Deadspin Fixes Stuff: Two new expansion teams could solve MLB’s cash 'problems' right now

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Who’s got next? (Also, HOW ‘90s is that logo?!)
Who’s got next? (Also, HOW ‘90s is that logo?!)
Image: (Getty Images)

With MLB now in the overture of its musical, entitled “Winter of Discontent,” they’re still making it clear just how desperate they want people to think things are. My colleague has written about Cleveland’s desperate “need” to move Francisco Lindor before they have to pay him anything close to what he’s worth. There have already been players non-tendered who would never have been in the past, and there are whispers of others joining them. Projections of free-agent signings look something like your grocery store after a week of panic shopping.

Ideally, MLB owners would be patient types, realizing that either at the end of next year or in 2022 their usual bonanza of profits will return, and considering that each one of them is a billionaire, would ride out this rough time of simply missing out on those profits, rather than losing a ton, as they’re selling to anyone who’ll listen. But that’s not how these guys work. They want the money they got into this for now. There is no long game.


Which is probably why you’ll hear more about expansion than ever before. Both the NFL and NHL have 32 teams, or soon will, and MLB certainly must look at that and want in. The idea of expansion has been muted before, but there’s no shortage of candidates. Nashville has a group with Dave Dombrowski already trying to drum up an ownership push and fund a site on the Cumberland River for a new park. Montreal was sounded out as a possible summer home for the Tampa Bay Rays, who would still spring and fall in Florida (are those seasons verbs to the ultra-rich? I don’t speak Republican). Las Vegas would present some challenges, but MLB probably doesn’t want to be left out of whatever the NHL and NFL benefit from being there. Portland, Oregon and Charlotte are other cities that have been mentioned.

And it’s not hard to do the math on this one. The Seattle Kraken, who come into play next fall in the NHL, paid $650M for that right. That’s money those owners didn’t have to share with the players, and neither would MLB. And the MLBPA isn’t likely to put up much of a fight on not seeing any penny of the expansion fees when it’s 50-52 new jobs opening up.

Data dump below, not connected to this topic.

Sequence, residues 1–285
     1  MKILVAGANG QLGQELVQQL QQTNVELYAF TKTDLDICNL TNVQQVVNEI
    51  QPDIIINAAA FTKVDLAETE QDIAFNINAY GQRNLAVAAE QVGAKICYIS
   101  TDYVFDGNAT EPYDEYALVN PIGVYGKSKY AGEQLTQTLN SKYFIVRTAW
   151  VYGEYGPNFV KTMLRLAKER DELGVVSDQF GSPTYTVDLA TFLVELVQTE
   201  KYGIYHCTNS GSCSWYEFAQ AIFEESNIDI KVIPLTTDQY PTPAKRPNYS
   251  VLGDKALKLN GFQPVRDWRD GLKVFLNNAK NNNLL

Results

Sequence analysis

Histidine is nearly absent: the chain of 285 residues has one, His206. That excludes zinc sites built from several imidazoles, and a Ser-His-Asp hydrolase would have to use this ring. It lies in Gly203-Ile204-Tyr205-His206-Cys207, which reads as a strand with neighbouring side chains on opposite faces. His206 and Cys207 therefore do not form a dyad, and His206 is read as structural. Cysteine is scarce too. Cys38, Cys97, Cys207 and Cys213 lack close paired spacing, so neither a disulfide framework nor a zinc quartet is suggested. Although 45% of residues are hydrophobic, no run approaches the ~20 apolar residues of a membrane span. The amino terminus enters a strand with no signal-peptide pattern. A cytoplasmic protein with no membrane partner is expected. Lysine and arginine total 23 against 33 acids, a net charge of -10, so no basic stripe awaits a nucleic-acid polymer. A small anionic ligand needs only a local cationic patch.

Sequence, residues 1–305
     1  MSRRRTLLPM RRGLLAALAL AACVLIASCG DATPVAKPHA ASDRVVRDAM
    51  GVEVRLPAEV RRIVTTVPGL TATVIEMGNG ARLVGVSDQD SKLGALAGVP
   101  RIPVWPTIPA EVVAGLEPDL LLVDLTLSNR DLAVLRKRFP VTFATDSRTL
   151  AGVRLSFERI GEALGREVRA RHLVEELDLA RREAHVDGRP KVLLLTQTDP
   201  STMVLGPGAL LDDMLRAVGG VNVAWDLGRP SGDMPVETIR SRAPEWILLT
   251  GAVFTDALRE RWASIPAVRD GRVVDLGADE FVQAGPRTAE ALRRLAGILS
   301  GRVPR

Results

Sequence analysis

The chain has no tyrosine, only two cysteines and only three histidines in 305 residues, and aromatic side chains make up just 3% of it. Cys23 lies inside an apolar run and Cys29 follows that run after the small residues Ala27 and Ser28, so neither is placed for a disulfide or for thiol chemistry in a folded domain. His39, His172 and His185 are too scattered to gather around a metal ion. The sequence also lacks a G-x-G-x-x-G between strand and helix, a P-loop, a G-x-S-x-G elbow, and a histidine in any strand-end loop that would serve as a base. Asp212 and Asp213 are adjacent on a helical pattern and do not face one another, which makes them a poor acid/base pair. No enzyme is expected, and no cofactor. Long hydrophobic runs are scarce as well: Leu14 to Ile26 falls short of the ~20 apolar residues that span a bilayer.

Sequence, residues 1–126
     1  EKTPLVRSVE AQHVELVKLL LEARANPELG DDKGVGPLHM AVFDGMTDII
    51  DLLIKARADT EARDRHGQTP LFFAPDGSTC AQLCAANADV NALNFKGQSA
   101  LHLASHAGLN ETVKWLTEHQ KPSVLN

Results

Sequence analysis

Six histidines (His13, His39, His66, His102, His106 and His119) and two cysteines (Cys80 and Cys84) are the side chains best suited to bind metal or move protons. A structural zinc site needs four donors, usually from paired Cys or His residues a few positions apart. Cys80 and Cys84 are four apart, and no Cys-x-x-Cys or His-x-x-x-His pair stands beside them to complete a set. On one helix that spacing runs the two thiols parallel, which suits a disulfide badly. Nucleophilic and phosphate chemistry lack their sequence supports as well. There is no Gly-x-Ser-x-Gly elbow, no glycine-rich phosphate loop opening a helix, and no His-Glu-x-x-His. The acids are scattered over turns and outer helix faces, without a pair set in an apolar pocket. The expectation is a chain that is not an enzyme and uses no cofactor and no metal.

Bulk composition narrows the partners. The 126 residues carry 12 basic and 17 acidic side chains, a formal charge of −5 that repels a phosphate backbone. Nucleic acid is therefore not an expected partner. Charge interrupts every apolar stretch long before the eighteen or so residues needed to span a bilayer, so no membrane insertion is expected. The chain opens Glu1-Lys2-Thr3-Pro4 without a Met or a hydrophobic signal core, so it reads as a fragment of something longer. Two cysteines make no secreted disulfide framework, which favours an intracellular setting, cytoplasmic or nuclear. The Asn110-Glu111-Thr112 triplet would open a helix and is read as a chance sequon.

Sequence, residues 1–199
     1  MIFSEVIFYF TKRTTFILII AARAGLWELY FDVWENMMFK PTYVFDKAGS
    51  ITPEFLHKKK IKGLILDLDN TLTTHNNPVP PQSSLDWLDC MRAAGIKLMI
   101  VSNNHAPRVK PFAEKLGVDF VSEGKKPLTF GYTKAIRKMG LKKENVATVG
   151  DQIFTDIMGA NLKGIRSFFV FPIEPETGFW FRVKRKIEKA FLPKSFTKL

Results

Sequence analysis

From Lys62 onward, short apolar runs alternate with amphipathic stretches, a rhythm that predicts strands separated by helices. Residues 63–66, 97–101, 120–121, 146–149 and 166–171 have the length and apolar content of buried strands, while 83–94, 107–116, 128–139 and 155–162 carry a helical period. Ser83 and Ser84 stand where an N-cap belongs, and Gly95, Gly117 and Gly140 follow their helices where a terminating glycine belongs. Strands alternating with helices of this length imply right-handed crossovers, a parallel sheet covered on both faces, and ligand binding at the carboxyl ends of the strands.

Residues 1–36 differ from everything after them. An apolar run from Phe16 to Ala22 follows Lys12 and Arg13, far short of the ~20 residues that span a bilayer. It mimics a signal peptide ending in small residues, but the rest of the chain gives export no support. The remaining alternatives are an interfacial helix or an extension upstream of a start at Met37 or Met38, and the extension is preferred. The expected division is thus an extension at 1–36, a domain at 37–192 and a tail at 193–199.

What would expansion fees be for MLB? $1B seems like the absolute bottom estimate. The average franchise value of an MLB team is almost triple that of an NHL one. Even at $1.5B a pop for two new teams, that’s essentially the $3B loss MLB is claiming from this past season wiped out.

If it goes higher, they can start to balance out what they might lose on a 2021 season with no fans, though it won’t come close to erasing that. Or so they will claim. If I may quote myself from last week:

Seeing as how MLB will never open its books, nor has ever done so, your first reaction should be that this is utter horseshit.

The problem for MLB is that even Nashville is probably a long way off from finding a group that could pony up that kind of cash, especially now in the pandemic. But it won’t be so distant as to prove impossible.

The other problem is that expansion would greatly hamper MLB’s tried and true tactic of using other cities as leverage against MLB cities with stadium problems. There are two currently that MLB says it needs to “solve” before it thinks about expansion. That’s Oakland and Tampa. But what it means by “solve” is to hold out Nashville or Portland as potential relocation sites for either or both of the A’s and Rays, to grease the wheels for new parks. If MLB just grants teams to two new cities, it loses out on the possible bidding war for relocation.


MLB’s dream scenario is to get new parks in both places that start spinning cash, while hopefully not requiring either owner or the league to put too much of their own cash into it, and then add two teams on top of that. But that would depend on how long they can keep their owners tummies rumbling for another buffet of profits and cash. If 2021 ends up being nearly as bad as 2020 or worse for their accounts, you can be pretty sure they’ll start eying the quick injection of money from expansion fees pretty hard. Just because the teams wouldn’t play for years down the line doesn’t mean they couldn’t get the expansion fees much sooner than that.

This will probably be a much bigger discussion next winter, but it’s only going to get louder.